• Chapron et al. (1995) first directly compared T/P C-band and Ku-band odata

  • To reveal a well-defined transition, observed near 7 m/s, presumably associated with the onset of active boundary-layer flow separation and wave breaking events

  • To propose an empirically-derived surface wave elevation spectral model, the Elfouhaily et al. spectrum (1997)

     To propose a wind stress estimation using the dual-frequency TOPEX data (Bliven et al., 1997, Elfouhaily et al., 1998), and the concept of a zw parameter to stand for an ‘effective’ measurable roughness parameter zo (Gourrion et al.)

(from Elfouhaily et al., 1998)

Results – dual frequency C-Ku differences

  • Clear new information

  • - Hs impact

  • - short waves

  • Hinge point at 7 m/s – onset of breaking?

  • Mean lower difference = 3.2 dB?

More results – dual frequency

  •  Well-defined transition, observed near 7 m/s, has further been exploited to derive air-sea gas transfer velocity estimates and climatologies (Frew et al., 1997, Glover et al., 2002)

  • Robust relationship between C- and Ku-band measurements also exploited to improve the detection of rain induced effects on the Ku-band measurements, to further help derive global climatologies (Chen et al., 1997, Quartly, 1998)

     The global data also clearly showed the sea state impact on the nadir NRCS, and the need to go beyond the univariate relationship NRCS = wind speed

  • Satellite-to-satellite crossover data sets

  • Colocating different views of the same ocean

  • Method to acquire huge amount of nearly simultaneous (formation flight) data from two differing platforms and sensors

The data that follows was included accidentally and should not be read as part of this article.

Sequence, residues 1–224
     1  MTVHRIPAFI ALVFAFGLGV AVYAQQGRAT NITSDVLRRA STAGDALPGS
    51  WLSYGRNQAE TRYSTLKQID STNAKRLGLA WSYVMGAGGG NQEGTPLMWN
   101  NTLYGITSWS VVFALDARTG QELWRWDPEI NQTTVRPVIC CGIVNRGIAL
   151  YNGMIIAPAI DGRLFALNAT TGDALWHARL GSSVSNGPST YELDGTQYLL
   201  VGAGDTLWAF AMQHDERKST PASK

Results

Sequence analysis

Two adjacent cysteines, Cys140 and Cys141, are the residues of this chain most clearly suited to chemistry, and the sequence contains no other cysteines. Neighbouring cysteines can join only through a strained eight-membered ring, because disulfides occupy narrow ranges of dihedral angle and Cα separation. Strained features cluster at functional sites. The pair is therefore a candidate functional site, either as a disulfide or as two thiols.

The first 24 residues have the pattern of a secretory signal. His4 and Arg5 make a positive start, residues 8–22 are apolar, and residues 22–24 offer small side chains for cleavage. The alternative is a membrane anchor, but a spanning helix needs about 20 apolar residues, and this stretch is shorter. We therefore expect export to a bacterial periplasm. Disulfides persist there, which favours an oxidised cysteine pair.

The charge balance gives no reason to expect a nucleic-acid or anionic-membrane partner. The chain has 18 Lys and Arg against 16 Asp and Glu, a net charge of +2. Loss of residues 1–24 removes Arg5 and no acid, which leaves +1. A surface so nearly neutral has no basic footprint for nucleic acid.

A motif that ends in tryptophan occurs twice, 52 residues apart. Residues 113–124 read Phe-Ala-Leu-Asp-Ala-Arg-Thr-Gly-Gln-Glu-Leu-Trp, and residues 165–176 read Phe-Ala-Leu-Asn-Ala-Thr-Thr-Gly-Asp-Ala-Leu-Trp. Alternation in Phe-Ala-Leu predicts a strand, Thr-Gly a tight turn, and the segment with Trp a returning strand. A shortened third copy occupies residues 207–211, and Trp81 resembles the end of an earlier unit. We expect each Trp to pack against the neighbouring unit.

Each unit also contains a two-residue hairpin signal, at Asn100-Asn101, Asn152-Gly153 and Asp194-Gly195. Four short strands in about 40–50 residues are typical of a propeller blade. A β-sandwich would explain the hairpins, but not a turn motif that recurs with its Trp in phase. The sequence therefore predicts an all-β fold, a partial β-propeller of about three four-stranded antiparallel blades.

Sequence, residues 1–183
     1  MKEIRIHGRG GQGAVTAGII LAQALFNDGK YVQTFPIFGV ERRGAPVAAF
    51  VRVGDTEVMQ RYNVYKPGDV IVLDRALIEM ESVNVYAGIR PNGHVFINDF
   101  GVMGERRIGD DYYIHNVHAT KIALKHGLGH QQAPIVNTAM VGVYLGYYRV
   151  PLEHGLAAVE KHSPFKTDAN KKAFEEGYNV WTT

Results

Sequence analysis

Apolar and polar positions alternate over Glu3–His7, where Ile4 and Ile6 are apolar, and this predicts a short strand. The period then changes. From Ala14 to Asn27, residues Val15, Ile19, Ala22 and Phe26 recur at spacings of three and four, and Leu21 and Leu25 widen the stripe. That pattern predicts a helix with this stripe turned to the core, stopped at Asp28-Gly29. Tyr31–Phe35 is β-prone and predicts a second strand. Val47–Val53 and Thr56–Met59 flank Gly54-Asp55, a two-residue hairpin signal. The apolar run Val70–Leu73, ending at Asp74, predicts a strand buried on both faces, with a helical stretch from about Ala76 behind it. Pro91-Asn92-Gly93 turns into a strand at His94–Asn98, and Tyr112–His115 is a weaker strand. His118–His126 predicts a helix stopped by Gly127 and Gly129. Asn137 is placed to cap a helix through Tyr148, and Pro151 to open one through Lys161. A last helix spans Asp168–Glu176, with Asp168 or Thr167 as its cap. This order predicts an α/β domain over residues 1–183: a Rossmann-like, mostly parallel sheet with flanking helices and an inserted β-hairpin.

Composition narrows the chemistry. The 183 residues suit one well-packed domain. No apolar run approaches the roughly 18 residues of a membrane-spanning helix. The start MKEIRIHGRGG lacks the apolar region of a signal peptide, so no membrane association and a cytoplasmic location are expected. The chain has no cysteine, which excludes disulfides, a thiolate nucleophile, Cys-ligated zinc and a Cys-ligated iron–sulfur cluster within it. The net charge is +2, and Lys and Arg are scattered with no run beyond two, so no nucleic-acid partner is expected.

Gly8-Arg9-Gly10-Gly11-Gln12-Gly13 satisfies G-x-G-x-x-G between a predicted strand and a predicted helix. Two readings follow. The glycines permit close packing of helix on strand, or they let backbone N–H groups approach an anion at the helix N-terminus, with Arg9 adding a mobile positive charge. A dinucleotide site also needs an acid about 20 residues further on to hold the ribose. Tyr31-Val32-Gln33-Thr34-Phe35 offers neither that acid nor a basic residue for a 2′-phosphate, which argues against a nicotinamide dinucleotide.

• For surface ocean remote sensing it provides:

  • access to new global laboratory on the transient wind-wave processes O(hours) with numerous immediate benefits – can now see the 2nd order

  • ability to cross calibrate remote sensing retrievals (e.g. wind speed) and physical models

  • Cross-sensor, cross-platform investigations

  • Altimeter (T/P, Jason-1, Envisat) with:

    • NSCAT scatterometer

    • T/P TMR radiometer

    • SSM/I radiometers

    • TRMM precipitation radar

    • QuikSCAT scatterometer


  • Few of the applications –

    • Altimeter wind speed algorithm

    • Wave impact on scatterometer wind stress

    • Passive microwave wind vector retrieval

    • Storm wind, wave and precipitation

    • Physical modeling of the sea surface

Satellite-to-satellite crossover data sets

The ‘co-location engine’ to reveal 2nd order effects

Measurable directional wind( short wave) information in both T/P reflectivity (radar altimeter) and emissivity (TMR) using co-located scatterometer wind direction (Tran et al., 2002, Tran and Chapron, 2005)

The ‘co-location engine’ to derive GMF

Rain-free TRMM PR measurements (Freilich and Vanhoff, 2003) co-located with ECMWF wind speed and JASON and ENVISAT altimeter measurements

The ‘co-location engine’ to investigate Ku-band sea state impact at low incidence angles

Mean TRMM PR NRCS measurement differences between JASON and ENVISAT Hs derived 1 m and 4 m classes co-located with ECMWF wind speed

Altimeter ambig. for range of wave heights

NSCAT wind speed (m/s)

Cross-satellite wind algorithm improvements

  • Used NSCAT-TOPEX-ECMWF crossovers to:

  • ______________________

  • Create large & global calibration dataset

  • Quantify strong Hs impact on altimeter U10 (0)

  • Develop new operational altimeter wind speed algo. method (T/P, Jason-1)

  • Show long waves weakly alter scatterometer U10

  • Just one example of satellite-to-satellite synergy

  • Altimeter backscatter and the long-wave mean square slope

  • We’ve been able to detect and quantify long wave impacts within satellite altimeter backscatter (Barrick 1974; Glazman and Pilorz, 1990; Hwang et al., 1997; Gommenginger et al. 2002; Gourrion et al., 2002a,b, numerous others…)

  • - new wind speed and long-wave mss models f(o, Hs)

  • Improved upon and refined the Cox & Munk (1956,1958) field evidence and models regarding short and long wave mean square slope with implications for